I’ve received them, you’ve probably received them, your aunt who’s still figuring out how to use Instagram has probably received them. We’re talking about emails encouraging you to pay for more followers. These emails are becoming the new norm, replacing the fraudster emails we used to get years ago, claiming to be from African Princes who want to give you all their money in return for your bank details…
While many of these offers of tripling your following tend to only work for a few months at most, many people still choose to give it a go in order to boost their social media following. Now, this isn’t such a big deal when a few girls who just want to look cute on Instagram do it for their own personal gratification but it actually is a billion-dollar problem when people who are paid to influence others via Instagram, start doing it in gross numbers.
Influencer Fraud Is A Thing Now
This new phenomenon, now called Influencer Fraud, is expected to cost advertisers over $1 Billion this year and rising. It’s easy to see why when if the reports are to be believed, at least 50% of engagement on sponsored content is fake. Still confused? It’s pretty simple, large companies pay influencers a great deal of money to advertise and promote their product to their huge number of followers. But if their followers are mostly fake accounts, manned either by bots or the company they paid to get them, the company is wasting their money on that influencer. That influencer isn’t really an influencer at all because anything their post is reaching a fake audience see? To give you an idea of the amount influencers receive from a single post, Chiara Ferragni claims her highest paid advertisement was $12,000 while it’s rumoured that Kim Kardashian can receive up to $300,000 for a single post! That’s a lot of money if all the people following the Instagram account aren’t real and there’s zero chance of that advertisement turning into sales. To put it another way, to buy just 1,000 followers on Instagram can cost as little as less than $20, a very tempting offer to any budding wannabe influencer who hasn’t quite reached the numbers she or he needs.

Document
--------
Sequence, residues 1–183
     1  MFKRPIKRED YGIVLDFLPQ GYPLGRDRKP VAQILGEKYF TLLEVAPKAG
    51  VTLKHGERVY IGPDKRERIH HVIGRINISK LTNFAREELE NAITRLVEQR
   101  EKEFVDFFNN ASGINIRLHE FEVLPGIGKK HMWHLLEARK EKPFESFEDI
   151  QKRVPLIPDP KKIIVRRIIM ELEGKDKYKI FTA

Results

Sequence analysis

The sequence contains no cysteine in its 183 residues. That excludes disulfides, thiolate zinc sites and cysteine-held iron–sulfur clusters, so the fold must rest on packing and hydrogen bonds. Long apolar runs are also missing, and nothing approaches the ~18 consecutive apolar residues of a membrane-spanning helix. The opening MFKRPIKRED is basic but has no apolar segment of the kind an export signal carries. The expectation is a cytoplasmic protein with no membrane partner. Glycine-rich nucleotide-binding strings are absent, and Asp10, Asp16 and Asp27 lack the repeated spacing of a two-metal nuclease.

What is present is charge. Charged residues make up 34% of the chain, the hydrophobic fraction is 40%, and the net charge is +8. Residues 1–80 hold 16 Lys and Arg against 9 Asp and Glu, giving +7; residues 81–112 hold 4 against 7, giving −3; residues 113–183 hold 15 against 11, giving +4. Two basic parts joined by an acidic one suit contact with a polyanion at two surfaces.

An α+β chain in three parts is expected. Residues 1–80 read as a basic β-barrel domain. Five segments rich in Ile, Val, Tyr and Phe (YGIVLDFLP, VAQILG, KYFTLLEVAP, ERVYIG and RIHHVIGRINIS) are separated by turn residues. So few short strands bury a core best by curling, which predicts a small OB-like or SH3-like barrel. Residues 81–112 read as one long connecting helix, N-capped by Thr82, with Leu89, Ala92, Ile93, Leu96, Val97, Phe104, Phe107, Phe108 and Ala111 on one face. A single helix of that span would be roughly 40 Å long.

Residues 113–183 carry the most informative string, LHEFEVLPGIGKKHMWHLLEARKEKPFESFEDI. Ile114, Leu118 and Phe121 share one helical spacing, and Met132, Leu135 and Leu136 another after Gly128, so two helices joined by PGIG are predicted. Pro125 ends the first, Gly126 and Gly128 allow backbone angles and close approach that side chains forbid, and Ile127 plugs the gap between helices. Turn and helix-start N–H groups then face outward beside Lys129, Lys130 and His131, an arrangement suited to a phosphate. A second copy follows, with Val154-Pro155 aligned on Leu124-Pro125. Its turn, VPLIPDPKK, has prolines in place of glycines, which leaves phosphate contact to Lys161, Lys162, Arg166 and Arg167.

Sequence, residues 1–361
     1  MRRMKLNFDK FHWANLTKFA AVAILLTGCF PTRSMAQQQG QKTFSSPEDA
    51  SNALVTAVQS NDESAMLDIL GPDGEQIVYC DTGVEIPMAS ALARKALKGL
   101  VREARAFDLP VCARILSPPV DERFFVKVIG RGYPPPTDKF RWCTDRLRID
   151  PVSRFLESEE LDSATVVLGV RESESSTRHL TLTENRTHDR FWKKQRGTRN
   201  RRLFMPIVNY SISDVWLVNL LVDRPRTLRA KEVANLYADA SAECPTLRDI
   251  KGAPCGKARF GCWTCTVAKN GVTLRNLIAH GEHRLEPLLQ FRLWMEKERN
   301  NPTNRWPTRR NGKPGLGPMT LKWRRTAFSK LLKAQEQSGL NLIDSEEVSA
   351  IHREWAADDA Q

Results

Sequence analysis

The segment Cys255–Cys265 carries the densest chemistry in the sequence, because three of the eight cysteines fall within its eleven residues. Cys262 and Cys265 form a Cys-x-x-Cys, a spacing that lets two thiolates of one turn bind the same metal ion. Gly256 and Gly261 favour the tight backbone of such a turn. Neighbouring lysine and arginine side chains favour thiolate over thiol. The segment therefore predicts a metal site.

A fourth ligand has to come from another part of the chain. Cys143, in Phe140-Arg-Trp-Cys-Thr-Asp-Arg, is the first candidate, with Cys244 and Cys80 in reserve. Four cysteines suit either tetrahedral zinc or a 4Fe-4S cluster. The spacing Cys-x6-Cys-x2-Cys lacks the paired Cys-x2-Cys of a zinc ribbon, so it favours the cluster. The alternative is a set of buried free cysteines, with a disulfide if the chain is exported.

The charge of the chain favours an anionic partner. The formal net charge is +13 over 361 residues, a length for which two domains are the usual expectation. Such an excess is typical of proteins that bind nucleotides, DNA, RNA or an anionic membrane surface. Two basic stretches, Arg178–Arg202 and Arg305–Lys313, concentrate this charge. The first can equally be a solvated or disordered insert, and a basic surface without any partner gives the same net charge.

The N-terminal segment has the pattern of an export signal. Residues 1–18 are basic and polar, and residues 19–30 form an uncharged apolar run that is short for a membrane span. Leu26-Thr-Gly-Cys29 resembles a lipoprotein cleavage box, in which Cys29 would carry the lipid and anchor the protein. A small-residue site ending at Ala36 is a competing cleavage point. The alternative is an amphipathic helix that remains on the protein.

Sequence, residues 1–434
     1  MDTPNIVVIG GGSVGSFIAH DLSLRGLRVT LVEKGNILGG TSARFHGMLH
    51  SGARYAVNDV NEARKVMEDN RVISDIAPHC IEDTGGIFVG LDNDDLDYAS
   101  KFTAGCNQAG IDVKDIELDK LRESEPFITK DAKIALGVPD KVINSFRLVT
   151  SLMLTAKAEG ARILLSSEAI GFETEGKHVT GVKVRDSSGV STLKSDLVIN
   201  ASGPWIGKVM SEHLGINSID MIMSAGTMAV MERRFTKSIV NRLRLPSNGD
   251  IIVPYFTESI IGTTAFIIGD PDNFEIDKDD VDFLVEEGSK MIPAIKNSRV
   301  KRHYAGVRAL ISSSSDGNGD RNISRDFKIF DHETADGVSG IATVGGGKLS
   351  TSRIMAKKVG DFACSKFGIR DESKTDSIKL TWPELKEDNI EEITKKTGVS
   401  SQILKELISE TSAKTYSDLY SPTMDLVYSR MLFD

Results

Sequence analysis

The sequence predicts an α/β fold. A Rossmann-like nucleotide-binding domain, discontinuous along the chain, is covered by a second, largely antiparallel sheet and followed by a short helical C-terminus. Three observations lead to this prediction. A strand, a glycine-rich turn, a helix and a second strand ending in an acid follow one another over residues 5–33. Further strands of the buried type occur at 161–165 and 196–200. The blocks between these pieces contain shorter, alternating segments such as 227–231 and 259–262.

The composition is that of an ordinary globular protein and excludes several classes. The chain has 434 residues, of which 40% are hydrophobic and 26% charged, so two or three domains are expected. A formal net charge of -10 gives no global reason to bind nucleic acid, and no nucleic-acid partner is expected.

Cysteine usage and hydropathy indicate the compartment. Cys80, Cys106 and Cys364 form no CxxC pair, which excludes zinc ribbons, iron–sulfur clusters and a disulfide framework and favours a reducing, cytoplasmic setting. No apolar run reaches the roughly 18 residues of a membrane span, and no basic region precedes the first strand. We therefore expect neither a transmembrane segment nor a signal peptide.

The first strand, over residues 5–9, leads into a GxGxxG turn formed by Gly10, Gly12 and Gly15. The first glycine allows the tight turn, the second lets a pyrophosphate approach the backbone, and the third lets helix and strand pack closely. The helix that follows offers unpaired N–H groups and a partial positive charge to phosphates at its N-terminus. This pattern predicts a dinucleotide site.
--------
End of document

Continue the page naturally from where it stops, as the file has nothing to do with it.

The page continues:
Influencer marketing is an extremely fast-growing marketing strategy however with the potential for destruction already very high, it may only get worse and the risk involved increase. The internet and real influencers are standing up now and attempting to do something about the issue that has the potential to destroy the idea of influencer marketing and the job in its entirety. California based influencer marketing agency Media Kix pulled off a terrifying stunt over the course of four-months to prove a massive point. Meet Amanda Smith, A.K.A. Wandering Girl loves to travel to Paris and is all about the camping under the sunset lifestyle. Alexa Rae, otherwise known as Cali Beach Girl spends most of her time on the beaches of Santa Monica, soaking up the Cali life in bikinis. They both have a huge following and their curated Insta grid looks tempting and professional. The problem?
They’re completely fictional and created by Media Kix. Using stock images and paying for followers, Wandering Girl and Cali Beach Girl managed to secure four paid advertisements between them as well as free products from the brands, all within a matter of months from unsuspecting brands. Of course, the brands who fell for these fake influencers were told the truth and Media Kix’s point was made clear; all you need is money in order to look legit.
Thanks to this stunt bringing some of the issues around influencer marketing to light, brands aren’t completely helpless now. The obvious fraudsters are easy to spot and they’re now aware of them. Over 30K followers with less than 100 posts and they’re only following a hand full of people themselves, dead giveaway. Others are more careful with how authentic their profile looks, ensuring they have an average number of posts for their number of followers and are following the average amount of people themselves, allowing them to slip more easily under the radar.
But it’s not just paid followers that’s the only problem. There’s also Sponcon going on behind the scenes which is another way for fake influencers to gain notoriety, look legitimate and gain actual, real sponsored advertisements. Sponcon involves posting fake ads or conning the brands that may follow them into thinking they are already working with other brands, they look like their posts are translating into sales for the other brands, enticing real brands to give it a go too.
Ultimately, it’s a risky business altogether. These social media platforms, Instagram in particular is constantly changing their algorithms which affects the way followers see influencers’ content. Couple this with the fact that by accidently choosing a fake influencer, brands could be paying for absolutely nobody to see their ads and just how easy it is to fake being an influencer, it’s safe to say it’s an absolute mine field. If brands want to continue working and advertising in this way without losing out and wasting money, things are going to have to change and like most things, it will almost certainly hit small businesses and freelancers first. Instagram have already started making changes in order to hide how popular certain posts are by removing the number of likes but realistically, an easy way to enforce authenticity on social media would be through a paid monthly service and proof of website, location and perhaps even proof of registered business or status, you heard it here first…
Article Commissioned by Mod'Art University of Shanghai